By Molly Gore
By Molly Gore
By Pete Kane
By Lou Bustamante
By Pete Kane
By Ashley Goldsmith
By Pete Kane
By John Birdsall
As an American cultural marker, beer has always been distinctly blue-collar, something to serve with hamburgers and potato salad at summer barbecues or to guzzle from cans while watching football on TV. Men in expensive suits at paneled clubs, meanwhile, drank scotch from crystal tumblers, while ladies contented themselves with white wine.
There is wine on the program at the Thirsty Bear Brewing Co. -- the latest entry in the city's brewery-as-smart-restaurant phenomenon -- and maybe that's a sign of the kitchen's considerable up-market aspirations. But the reality of beer is overwhelming and seductive, from the huge, gleaming stainless-steel vats that line one wall to a short list of truly superior brews (including a citrusy wheat beer better than anything you can buy in a bottle) to a mostly Spanish menu featuring dishes that match nicely with the various lagers and ales.
These days it's tapas, tapas everywhere; the little plates are seriously in vogue. Thirsty Bear's menu is definitely tapas-heavy, but while the offerings are traditional and occasionally flirt with the overfamiliar (there is, yet again, fried calamari, this time with paprika aioli), the portions are generous, the ingredients fresh, and the preparations straightforward.
San Francisco, CA 94105
Category: Bars and Clubs
Region: South of Market
At lunch we sat near the back, on a slightly raised platform across from a open kitchen separated from the rest of the restaurant only by a lane of pedestrian traffic. Thirsty Bear, with its exposed brick walls, stainless-steel trimmings, plate-glass doors, and ultra-high ceilings (there's a pool hall on the mezzanine), occupies a loft space of dreamy splendor. The brick, in particular, fascinated me with its echoes of the East and Midwest; it was easy to imagine the restaurant being, say, a sports bar in Chicago's River North neighborhood, or the on-location site of a thirtysomething reunion episode.
The Out of Towner seemed to be daunted by the menu's Spanishness, so the Boss and I took charge, ordering up a storm equally from the cold and hot choices.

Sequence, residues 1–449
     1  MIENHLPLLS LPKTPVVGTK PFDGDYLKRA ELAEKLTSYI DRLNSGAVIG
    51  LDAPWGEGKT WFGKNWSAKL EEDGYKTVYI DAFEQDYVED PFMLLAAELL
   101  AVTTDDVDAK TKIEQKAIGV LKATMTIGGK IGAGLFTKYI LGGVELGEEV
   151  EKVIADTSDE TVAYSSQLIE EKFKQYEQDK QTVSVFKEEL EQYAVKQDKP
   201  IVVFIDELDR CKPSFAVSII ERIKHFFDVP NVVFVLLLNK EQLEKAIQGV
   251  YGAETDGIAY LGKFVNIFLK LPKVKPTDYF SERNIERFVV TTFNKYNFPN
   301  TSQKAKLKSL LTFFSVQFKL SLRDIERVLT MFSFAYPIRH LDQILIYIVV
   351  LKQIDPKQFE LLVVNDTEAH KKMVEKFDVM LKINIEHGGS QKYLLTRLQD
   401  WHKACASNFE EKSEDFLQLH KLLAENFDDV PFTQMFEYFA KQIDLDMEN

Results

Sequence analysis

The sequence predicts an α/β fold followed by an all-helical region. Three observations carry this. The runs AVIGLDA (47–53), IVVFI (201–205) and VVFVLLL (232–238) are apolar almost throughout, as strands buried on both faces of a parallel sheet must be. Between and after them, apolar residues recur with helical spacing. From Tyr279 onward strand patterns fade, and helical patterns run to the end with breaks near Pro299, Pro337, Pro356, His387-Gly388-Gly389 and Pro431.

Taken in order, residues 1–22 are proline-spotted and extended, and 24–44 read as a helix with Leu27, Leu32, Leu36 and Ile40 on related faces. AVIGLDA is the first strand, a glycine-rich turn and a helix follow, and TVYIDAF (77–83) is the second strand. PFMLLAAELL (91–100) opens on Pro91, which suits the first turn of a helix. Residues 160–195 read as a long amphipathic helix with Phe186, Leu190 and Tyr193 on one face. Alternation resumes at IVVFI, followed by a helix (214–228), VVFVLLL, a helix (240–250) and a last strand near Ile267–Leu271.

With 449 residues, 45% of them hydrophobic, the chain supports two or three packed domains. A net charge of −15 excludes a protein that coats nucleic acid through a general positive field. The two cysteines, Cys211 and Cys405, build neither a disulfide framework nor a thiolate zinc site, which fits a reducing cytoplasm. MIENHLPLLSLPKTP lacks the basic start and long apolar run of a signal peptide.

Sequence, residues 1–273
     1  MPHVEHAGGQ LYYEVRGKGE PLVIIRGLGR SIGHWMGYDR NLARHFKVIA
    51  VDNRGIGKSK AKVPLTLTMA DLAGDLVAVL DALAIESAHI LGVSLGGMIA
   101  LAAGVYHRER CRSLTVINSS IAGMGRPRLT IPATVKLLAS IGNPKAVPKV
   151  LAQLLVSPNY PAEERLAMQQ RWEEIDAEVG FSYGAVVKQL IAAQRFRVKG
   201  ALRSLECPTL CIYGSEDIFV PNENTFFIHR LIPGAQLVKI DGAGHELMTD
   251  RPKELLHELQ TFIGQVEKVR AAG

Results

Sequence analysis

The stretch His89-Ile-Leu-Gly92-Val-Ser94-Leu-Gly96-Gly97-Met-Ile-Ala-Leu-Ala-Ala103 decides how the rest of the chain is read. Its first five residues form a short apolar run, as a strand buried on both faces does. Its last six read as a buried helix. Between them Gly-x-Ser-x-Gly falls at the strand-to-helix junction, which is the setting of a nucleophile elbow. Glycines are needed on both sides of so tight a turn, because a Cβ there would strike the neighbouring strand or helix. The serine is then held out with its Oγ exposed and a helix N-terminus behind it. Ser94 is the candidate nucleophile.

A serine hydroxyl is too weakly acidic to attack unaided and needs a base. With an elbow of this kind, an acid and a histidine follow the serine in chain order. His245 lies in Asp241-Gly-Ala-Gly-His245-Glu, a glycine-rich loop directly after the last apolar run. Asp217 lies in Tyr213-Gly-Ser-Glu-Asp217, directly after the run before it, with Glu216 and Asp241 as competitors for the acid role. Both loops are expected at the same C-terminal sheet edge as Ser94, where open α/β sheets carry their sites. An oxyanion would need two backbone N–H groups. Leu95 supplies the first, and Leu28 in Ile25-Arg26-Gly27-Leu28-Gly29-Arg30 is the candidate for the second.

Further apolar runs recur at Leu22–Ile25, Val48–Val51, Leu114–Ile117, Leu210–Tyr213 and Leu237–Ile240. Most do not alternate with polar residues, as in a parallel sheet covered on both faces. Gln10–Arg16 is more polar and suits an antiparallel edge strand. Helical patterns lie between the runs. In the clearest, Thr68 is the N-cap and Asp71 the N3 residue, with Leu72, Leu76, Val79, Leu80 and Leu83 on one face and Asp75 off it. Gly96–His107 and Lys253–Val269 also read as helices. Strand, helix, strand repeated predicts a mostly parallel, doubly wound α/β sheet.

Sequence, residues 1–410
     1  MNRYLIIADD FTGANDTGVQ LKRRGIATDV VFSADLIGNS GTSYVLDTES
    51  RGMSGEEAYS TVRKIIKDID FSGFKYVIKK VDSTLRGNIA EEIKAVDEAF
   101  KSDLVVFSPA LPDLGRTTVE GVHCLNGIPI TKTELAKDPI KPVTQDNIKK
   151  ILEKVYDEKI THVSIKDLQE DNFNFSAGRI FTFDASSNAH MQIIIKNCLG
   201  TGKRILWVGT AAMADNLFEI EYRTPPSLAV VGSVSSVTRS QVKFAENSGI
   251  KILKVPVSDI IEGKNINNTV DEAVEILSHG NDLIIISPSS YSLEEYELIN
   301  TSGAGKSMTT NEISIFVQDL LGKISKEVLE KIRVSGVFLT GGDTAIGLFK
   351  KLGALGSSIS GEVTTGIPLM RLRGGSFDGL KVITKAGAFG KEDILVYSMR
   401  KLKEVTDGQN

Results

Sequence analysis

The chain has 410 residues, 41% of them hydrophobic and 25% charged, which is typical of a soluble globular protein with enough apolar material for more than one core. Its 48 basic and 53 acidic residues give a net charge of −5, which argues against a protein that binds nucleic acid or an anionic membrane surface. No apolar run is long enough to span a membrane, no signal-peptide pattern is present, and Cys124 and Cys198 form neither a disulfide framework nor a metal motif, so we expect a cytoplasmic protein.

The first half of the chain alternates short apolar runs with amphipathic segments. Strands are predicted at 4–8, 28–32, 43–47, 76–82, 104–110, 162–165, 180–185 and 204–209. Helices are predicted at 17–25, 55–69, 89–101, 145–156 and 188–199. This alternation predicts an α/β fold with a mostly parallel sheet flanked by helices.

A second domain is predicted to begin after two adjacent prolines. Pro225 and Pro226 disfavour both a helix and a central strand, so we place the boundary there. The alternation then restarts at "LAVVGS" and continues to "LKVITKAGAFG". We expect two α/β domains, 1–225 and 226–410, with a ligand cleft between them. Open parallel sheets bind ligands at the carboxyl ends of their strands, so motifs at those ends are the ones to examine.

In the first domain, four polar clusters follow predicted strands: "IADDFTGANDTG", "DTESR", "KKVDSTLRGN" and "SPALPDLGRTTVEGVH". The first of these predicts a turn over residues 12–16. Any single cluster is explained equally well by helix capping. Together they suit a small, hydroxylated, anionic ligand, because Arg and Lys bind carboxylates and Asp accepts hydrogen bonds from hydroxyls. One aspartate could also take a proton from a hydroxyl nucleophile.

First across the finish line at our table were the setas a la plancha ($6.75), a large pile of fragrantly sauteed sliced mushrooms served with slices of buttery garlic toast. Then the calamares fritos ($5.50), rather heavily battered but tender inside. The paprika turned the accompanying aioli a pumpkin color but didn't have enough muscle to give it a distinct flavor.
Pan con tomate ($3.25) consisted of several large slices of cold, crusty bread, spread with a paste of chopped tomatoes. It sounded wan and looked garish, like mop-up leftovers from a crime scene, but the high-season tomatoes were propulsively tasty. The montadito ($3.95), a chorizo sandwich, had a similar bright-red cast, but the Spanish version of the sausage, sliced thin, had a subdued and subtle flavor that seemed to shrink in the chilly bread.
Two tapas -- one warm, the other not -- were substantial enough to be meals in themselves. The butifarra ($5.75) combined a warm sausage link and a dollop of aioli with a small rock slide of white beans, cooked attractively al dente. And the salpicon con mariscos ($6.50) was a kind of cold seafood salad of calamari, shrimp, and cod dressed with lemon and cilantro -- the sorts of sharp, acidic flavors that don't fade at room temperature.
At dinner the Boss' sopa del dia ($4.25) combined clams, mussels, shrimp, and calamari in a simple, spicy broth whose remains we sopped up with the none-too-fresh bread. And the calamares a la plancha ($5.50) -- sauteed squid rings on a bed of julienned carrots and red cabbage, dressed with a citrus vinaigrette -- were a welcome relief from deep-fried batter slathered with mayonnaise.
Main courses, alas, while good, were not quite the match of their smaller brethren. The paella a la Valenciana ($14.95), for instance, promised -- and delivered -- the sea: clams, mussels, calamari, and shrimp, along with green and red peppers, peas, and a dishful of beautifully golden saffron rice. But the paella was desperately undersalted, and the chorizo listed on the menu was nowhere to be found. Paella without sausage is like pizza without, well, beer.
Chuletillas de cordero a la brasa ($14.95) -- dainty lamb chops, grilled properly rare -- left the Boss and me of two minds. He thought they were flat; I liked the simply grilled, tender meat (good lamb needs so little help) and the quiet support from the rest of the plate -- the lumpy mashed potatoes and the melange of balsamic peppers arranged around the main event.
We did agree that the desserts were astounding, even better than the tapas. The sagrada familia ($5.75) assembled a pair of sugar cones (sticking up like magicians' hats) on a bed of chocolate mousse and chantilly cream, with a scattering of blueberries, raspberries, and strawberries for color and contrasting tartness.
I thought that was a show-stopper, but the fruta tebia con helado de vanilla ($5.75) was even better -- a true destination dessert. Around a single scoop of vanilla ice cream the kitchen arranged a mix of fruit (blackberries, raspberries, strawberries, and halved Mission and green figs) along with almond slivers and chunks of chocolate. Then, over the top, a liberal ladling of warm, buttery Grand Marnier sauce, which began to melt the ice cream slightly and bound everything together in a rich stickiness. Hot and cold, sweet and tangy, soft and crunchy -- the dessert covered all the ground there is to cover in the universe of after-dinner confections.